Rev. Wallace Adams-Riley was 13 years old when he first saw Monument Avenue. His family was driving up to Washington and stopped in Richmond, where they visited the towering statues of Confederate leaders along the wide, tree-lined boulevard. In the version of history he absorbed as a child, these men were heroes.
At 46, Mr. Adams-Riley rejects that narrative entirely. Two years ago, he started a process to remove the remaining symbols from St. Paul's, the historic Episcopal church he leads in downtown Richmond that Robert E. Lee once attended. A number of church members left or withdrew financial support in response; Mr. Adams-Riley received "shrill" e-mails and phone calls accusing the church of erasing history.
Now, it is time for Richmond to wrestle with the same issues, he believes, starting with the monuments that line its most famous street. He is under no illusion it will be easy, but nor does he believe it is optional. "How could this city not be taking a serious, hard look at these monuments?" he says. "How can we have integrity and not grapple with this question?"
Across the American South, an unprecedented reckoning is under way as places such as Richmond struggle with whether to remove, change or leave statues erected to honour Confederate leaders. It is a polarizing topic for a polarized era, raking up the deepest fissure in U.S. history – the enduring legacy of slavery and the Civil War – at a time of bitter political division.
Perhaps nowhere is the discussion more complex than in Richmond, the former capital of the Confederacy and now capital of Virginia. Five statues of Confederate leaders unveiled over a 40-year period line Monument Avenue, a thoroughfare of elegant homes divided by a grassy mall. Now, Richmond is exploring a path that would adapt the monuments but fall short of removing them.
Levar Stoney, Richmond's newly elected African-American mayor, dove into the controversy in June. Some considered Monument Avenue the "third rail in Richmond politics," Mr. Stoney says in a recent radio interview – something that could never be touched or altered. But he says he believes the city now has a chance to "tell the complete truth" about monuments that are "the default endorsement of a shameful part of our history."
Richmond, which was once a major centre of the slave trade, is entering an already fraught discussion. In April and May, after a protracted legal battle, New Orleans removed four monuments, including statues of Confederate leaders and one honouring a white paramilitary group. In Charlottesville, Va., the city council voted earlier this year to remove a statue of Robert E. Lee, although the plan is being challenged in court.
The counterreaction has been swift and furious. In Alabama, the state legislature enacted a measure in May preventing cities from moving monuments if they have been in place for more than 40 years. In Mississippi, which passed a law protecting monuments in 2013, a state legislator wrote in May that those who wanted to remove Confederate statues were "Nazi-ish" and called for them to be "lynched." He later apologized.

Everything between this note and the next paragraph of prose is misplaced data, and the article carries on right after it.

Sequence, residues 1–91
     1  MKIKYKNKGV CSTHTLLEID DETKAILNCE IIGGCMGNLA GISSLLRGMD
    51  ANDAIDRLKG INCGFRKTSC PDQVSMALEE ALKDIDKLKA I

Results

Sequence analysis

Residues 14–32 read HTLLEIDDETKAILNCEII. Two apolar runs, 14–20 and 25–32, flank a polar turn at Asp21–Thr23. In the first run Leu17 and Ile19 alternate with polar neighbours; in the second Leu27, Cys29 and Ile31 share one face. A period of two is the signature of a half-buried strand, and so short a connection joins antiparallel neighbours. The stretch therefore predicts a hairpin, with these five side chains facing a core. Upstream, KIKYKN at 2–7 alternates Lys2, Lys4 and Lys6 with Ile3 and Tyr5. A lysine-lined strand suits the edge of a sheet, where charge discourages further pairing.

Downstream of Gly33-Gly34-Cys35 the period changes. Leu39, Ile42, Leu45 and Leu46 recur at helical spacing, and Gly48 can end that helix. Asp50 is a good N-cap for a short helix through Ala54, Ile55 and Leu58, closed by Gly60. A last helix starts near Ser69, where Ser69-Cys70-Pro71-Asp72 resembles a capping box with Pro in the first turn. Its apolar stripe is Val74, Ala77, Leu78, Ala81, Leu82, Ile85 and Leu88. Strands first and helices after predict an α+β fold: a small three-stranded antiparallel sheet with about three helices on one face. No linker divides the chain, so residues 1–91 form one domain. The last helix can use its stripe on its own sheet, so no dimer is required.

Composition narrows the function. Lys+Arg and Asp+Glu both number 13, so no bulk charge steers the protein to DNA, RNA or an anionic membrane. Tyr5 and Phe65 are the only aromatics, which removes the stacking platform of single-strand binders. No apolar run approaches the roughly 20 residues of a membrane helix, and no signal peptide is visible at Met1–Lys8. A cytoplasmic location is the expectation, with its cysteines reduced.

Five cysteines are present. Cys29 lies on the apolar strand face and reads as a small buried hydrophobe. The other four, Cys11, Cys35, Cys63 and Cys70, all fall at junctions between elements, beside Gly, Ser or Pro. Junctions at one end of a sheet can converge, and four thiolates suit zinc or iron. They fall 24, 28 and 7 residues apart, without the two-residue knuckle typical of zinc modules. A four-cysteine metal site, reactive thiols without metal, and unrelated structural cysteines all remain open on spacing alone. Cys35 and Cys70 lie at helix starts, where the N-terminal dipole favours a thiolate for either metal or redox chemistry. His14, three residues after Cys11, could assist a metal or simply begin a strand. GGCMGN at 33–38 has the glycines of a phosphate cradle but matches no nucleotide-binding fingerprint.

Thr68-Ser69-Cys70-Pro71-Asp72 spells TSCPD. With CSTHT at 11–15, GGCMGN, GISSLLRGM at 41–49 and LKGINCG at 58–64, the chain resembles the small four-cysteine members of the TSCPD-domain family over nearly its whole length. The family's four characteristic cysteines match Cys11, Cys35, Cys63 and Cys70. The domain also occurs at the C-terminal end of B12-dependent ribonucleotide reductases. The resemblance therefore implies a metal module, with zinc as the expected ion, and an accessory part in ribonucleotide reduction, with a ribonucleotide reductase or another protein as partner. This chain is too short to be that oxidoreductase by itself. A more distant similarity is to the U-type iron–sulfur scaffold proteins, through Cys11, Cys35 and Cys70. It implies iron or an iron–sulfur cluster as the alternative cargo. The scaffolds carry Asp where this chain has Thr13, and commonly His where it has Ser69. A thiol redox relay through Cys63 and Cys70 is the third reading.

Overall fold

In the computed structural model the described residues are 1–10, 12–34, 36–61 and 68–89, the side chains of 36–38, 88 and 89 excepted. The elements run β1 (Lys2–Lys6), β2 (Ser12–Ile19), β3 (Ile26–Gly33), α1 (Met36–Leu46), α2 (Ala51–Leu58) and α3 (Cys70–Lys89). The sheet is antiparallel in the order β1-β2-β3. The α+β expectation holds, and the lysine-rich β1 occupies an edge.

The push to reconsider Confederate monuments gained strength after nine black parishioners were killed in a historic church in Charleston, S.C., by Dylann Roof in 2015. The killer embraced white-supremacist ideology and took pictures of himself with the Confederate battle flag. Less than a month after the shooting, South Carolina voted to remove the flag from the grounds of the state legislature.
In Richmond, Mr. Stoney is attempting a tricky balance. He announced the formation of a 10-member commission that will deliver recommendations to the city in the fall about the future of Monument Avenue, which is designated a national historical landmark. The commission's brief: to explore ways to add context to the current monuments and consider new individuals to honour – but not to weigh removing the statues.
The approach has earned him criticism from different quarters. For those who are vehement that monuments be left unchanged, adding context is akin to sacrilege. And for those who don't believe the monuments belong there at all, Mr. Stoney's strategy appears to be a dodge.
"We hope for civil discourse," says Christy Coleman, the co-chair of the commission and the chief executive of the American Civil War Museum. " Richmonders, generally, even when they're mad, there's a respect."
Others predict fireworks when the commission holds its public meetings, the first of which is scheduled for Aug. 9. Bill Gallasch, the president of the Monument Avenue Preservation Society, who has lived on the avenue for more than 20 years, says he expects an intense clash featuring an array of differing opinions.
It will be "hot and heavy," he says. "We're going to have huge, hot debates."
A Rorschach test
It is a sultry July morning and B. Frank Earnest is standing in a navy suit and red tie in front of a giant statue of Robert E. Lee unveiled in 1890. The Confederate general sits astride his horse on a pedestal in the middle of a large, grassy circle. The only inscription on the statue is the word "Lee" in capital letters in bronze along one side of the pedestal. Small stone markers around the base note that the area is under 24-hour surveillance.
Mr. Earnest is the heritage defence co-ordinator for the Virginia division of the Sons of Confederate Veterans, an organization for male descendants of soldiers who fought for the South in the Civil War. He drives a car decked out with the Confederate battle flag.